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Roving Reviewer: Laura Imbruglia

March 1, 2013

A lavish and careful female singer greets me at the John Curtin Hotel on February 28th. I’m thrown blissfully into singer/songwriter paradise with Slow Galo. She provides slow, drawn out finger-plucked chords with a stunning ability in vocal control which only gets better as her performance goes on.

Unfortunately, the reverb has been a little overdone in Slow Galo’s set, and it feels like I’m sitting in an empty stadium. This takes away from the artist’s natural talent, I feel, as the rawer sounds of her vocals – only observed when she pulls away from the microphone – send shivers down my spine.

By 4th song, Slow Galo/Felicity Cripps (as she’s more commonly known off stage) is singing in French whilst at the same time I am intrigued and impressed by the five-finger plucking style that seems to have gone out of fashion. That word control comes to mind again, as the control needed to play guitar in this manner is extraordinary. The word talent springs forth, also – for more obvious reasons.

She poses a non-confronting, reserved presence on stage – however the continual Melbourne fascination with three-quarter guitars continues to puzzle me. Toward the end of her set, Slow Galo asks for the time, to which the sound engineer remarks, “I think I speak on behalf of everyone here when I say… I really enjoy what you’re doing… you can just keep doing what you’re doing,” to which she obliges, and plays two more; her final song an Acapella number which is nothing short of phenomenal.

An Aussie singing accent and a Rickenbacker black Jetglo series guitar provide me with the alt-country feel surrounded by a modern air that is Mid-State Orange. Anyone there can see quite quickly just why they’re supporting Laura. The typical country jingle-jangle – yet as we know, everyone does it differently – and the modern twist of Mid-State Orange makes their version very infectious.

The building crowd begins to toe-tap and I even spot Laura herself having a bit of a one-woman boogie. The usual thing has happened, the crowd dispersed to all sections of this huge room that never quite captures the atmosphere of the setting quite well.

As Mid-State Orange continue through their set, I am seeing guitars working together harmoniously and a rhythm section which never waivers. I feel a subtle taste of You Am I by mid-set, and towards the end a harder edge completes a varying performance which becomes more reminiscent of something Everclear or Weezer might put out.

Lead singer, Louis Richter’s vocals are caught lacking at certain stages in the set – notably at the beginning and end – however he does redeem himself with some booming harmonies and subtle varieties throughout. Overall, for my first experience of this band, it is probably someone I’d check out again without my reviewer’s hat on and just “have a listen”, because I’m sure there are things I miss when half my time is spent figuring out what I’m trying to say.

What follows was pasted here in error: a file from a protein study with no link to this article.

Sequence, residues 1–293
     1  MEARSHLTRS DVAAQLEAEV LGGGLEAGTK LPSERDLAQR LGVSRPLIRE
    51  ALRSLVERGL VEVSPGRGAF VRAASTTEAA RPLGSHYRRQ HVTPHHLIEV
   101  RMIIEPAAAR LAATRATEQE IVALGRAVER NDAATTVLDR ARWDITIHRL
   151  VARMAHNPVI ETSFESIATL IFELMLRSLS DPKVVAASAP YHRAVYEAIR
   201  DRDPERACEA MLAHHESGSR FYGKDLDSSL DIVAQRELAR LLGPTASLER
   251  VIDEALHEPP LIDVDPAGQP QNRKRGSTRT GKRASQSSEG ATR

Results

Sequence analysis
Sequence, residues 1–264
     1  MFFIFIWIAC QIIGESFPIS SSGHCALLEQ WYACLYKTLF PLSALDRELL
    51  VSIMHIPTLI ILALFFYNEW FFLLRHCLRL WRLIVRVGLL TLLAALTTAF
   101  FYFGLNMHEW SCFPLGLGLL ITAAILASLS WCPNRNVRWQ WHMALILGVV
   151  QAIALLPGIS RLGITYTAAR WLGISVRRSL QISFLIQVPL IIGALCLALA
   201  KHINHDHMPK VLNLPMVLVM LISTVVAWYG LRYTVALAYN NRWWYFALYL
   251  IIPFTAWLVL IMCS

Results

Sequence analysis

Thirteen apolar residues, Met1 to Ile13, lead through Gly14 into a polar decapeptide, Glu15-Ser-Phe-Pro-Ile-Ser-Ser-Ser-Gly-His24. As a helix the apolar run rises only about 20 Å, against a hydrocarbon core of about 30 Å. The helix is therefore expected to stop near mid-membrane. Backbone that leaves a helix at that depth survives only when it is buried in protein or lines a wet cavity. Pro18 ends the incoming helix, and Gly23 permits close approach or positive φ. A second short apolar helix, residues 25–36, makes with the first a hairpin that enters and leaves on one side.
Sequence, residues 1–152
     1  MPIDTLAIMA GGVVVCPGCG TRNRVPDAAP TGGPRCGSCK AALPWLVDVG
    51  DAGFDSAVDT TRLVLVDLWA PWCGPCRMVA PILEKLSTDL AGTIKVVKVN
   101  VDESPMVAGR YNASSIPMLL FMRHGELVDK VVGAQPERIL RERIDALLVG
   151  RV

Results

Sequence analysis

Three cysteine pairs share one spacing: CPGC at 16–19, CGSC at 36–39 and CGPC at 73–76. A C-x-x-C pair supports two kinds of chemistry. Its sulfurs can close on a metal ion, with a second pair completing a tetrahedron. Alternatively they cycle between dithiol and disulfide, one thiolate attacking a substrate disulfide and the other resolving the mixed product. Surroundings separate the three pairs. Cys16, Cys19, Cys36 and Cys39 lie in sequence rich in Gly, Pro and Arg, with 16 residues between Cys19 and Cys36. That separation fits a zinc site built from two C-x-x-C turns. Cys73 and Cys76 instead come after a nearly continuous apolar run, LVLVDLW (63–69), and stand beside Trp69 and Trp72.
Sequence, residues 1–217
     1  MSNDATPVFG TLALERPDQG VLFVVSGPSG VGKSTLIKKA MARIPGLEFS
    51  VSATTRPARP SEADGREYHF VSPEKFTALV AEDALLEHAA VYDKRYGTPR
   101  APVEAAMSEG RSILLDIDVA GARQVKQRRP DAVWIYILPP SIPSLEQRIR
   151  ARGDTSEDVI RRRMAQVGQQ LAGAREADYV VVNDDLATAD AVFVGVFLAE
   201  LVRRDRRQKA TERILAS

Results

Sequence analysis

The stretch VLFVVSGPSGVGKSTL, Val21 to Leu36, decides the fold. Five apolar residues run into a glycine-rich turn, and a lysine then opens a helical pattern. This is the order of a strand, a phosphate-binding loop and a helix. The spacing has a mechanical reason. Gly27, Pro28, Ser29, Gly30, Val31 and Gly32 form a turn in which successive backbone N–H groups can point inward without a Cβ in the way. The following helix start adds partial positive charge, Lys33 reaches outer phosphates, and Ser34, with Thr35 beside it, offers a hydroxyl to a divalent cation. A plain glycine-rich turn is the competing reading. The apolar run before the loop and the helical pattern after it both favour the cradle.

Laura Imbruglia – backed by men as her Facebook event and gig poster elegantly display – begins with one of her new tunes with a distinct country feel, which was the path she took with her last LP “The Brighter Side Of…” particularly heightened by the pedal steel in this instance.

She has a quality band behind her this time around and I feel it provides substance to her previous solo and duo performances of the past couple of years since she relocated from Sydney to Melbourne. She’s really enjoying herself and looking to be “at one” with the new songs which are prominently conveyed this evening.

The rock edge swings back with the familiar tune “Why’d You Have to Kiss Me So Hard?”. Laura’s guitar still drives the performance with the pedal steel guiding us around the stories. The new lead guitar expands each song to a place that feels comfortable, and just a little rowdy.

She showcases a self-confessed ‘scary’ song, “Straight to the Bar” which brings with it a new, Kaiser Chiefs kind of edge to the set.

“What a Treat” (Imbruglia’s upcoming LP) sounds as if it may end up being just that – a treat! If tonight’s performance is anything to go by, it’s certainly a product you will need to look out for towards the midway point of 2013.

It is with pleasure that, set up elegantly by the talent produced by the Slow Galo, a concise and musically constructive support from Mid-State Orange, and a welcome return to a full-band setting by Laura Imbruglia, that I christen this the first show in my review series to receive 5/5 MELTING POTS OF GREATNESS!

Melting Pot’s Roving Reviewer rocks up unannounced – where will he be next? Find out by checking back in every few weeks to find out about some of the other brilliant acts skating around this magnificent musical city of ours.

The views expressed in this article are the views of the author and not necessarily the views of Melting Pot.

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